Can I Keep the Post 9/11 GI Bill Benefits After My Divorce?


If you are a spouse of a military member who is in the process of obtaining an education, you have likely heard or been affected by the GI Bill benefits. However, if you are in the process of divorce from your military spouse and are dependent upon these benefits for financial assistance with your education it is common to worry if these benefits will be lost after your divorce is finalized. Speak with an experienced divorce attorney today to discuss your specific situation and ability to retain these crucial benefits.

The Post 9/11 GI Bill entered Federal Legislation in 2008 under 38 U.S. Code 3301, for the purpose of aiding military members and their families with financial assistance in obtaining an education. The benefits provided by this bill are: full tuition and fees associate with an in state public school, or up to $24,477 per year at an in state private school; a monthly stipend equivalent to an E-5 Basic Allowance for Housing at the with-dependents rate; and a stipend of $41.56 per credit hour with a max of $1000 per year for books and supplies.

The benefits provided by this bill may be used by active duty military members, veterans, or their families. However, you must meet certain eligibility requirements. If you are an active duty member or veteran, you must have served for 36 months in order to gain these benefits. In order to receive these benefits as a spouse, the military member must have served at least 6 years but no more than 16, agree to serve at least 4 more years, and then they may elect to transfer these benefits to you.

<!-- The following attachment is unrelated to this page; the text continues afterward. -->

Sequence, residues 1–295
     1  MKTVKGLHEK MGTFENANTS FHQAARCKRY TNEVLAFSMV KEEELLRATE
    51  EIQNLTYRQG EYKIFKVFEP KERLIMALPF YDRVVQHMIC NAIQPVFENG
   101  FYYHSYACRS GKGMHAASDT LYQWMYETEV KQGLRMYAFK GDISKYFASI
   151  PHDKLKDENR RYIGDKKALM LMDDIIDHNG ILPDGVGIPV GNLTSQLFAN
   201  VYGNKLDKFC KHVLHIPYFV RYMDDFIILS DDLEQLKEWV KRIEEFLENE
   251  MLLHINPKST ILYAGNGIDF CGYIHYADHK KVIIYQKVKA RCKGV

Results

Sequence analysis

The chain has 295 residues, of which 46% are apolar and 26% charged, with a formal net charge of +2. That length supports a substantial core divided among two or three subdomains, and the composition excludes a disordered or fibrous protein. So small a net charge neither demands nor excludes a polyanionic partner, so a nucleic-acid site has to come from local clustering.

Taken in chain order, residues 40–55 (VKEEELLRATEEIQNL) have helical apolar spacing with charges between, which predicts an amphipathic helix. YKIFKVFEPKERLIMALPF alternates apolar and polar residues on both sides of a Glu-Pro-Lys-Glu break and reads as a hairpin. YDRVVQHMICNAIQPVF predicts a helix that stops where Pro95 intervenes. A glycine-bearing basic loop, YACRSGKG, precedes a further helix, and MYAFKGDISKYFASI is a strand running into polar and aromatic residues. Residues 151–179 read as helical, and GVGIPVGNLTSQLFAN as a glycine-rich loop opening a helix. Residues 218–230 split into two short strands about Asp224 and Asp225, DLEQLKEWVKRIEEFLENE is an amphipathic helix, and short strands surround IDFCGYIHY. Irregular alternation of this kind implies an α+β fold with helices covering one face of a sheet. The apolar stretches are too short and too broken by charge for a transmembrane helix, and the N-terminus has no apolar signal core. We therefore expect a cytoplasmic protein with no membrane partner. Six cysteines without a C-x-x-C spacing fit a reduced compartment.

If you and your spouse went through this process during your marriage, or you have been contemplating on returning to school to earn your degree, these benefits can be important to your divorce. Therefore, we must note some key points under this federal statute. There is no automatic revocation of these benefits upon a divorce; however, this election to transfer these benefits may be revoked by the military member at any time. 18 U.S. Code 3319. Further, these benefits are prohibited from being treated as marital property subject to division. 18 U.S. 3020 However, the law does not prevent spouses from negotiating these benefits outside of a courtroom.

Therefore, if there is a disagreement regarding the benefits of the bill or even child support and alimony awards the GI Bill benefits may be a negotiable instrument to add to the discussion. With the GI Bill, a party may need less alimony, or after obtaining their education through this bill will be able to be self-sufficient not needing spousal support. With the amount of money invested in these benefits, it is a good bargaining tool to have if you are eligible. However, it is important to note if you and your spouse agree to transfer these benefits, it must be done prior to the divorce entry, as an election may not be made to a former spouse. Further, within your settlement agreement it will be crucial to implement a clause prohibiting revocation of the transfer by the military member, as they are permitted to do so at any time.

The GI Bill provides a significant amount of financial assistance to military members and their families. Therefore, if you have been dependent upon these benefits for your education it may be important for you to retain this asset after your divorce from your military spouse. Ensure you speak with your attorney and discuss the options available to you and value the GI Bill provides, in order to formulate a proper argument and negotiation for your divorce settlement.

Speaking to an attorney at our Pensacola office is free of charge, and we accept calls 24 hours a day, 7 days a week. Call us at (800) 822-5170 or complete an online contact form to get in touch with a member of our team today.

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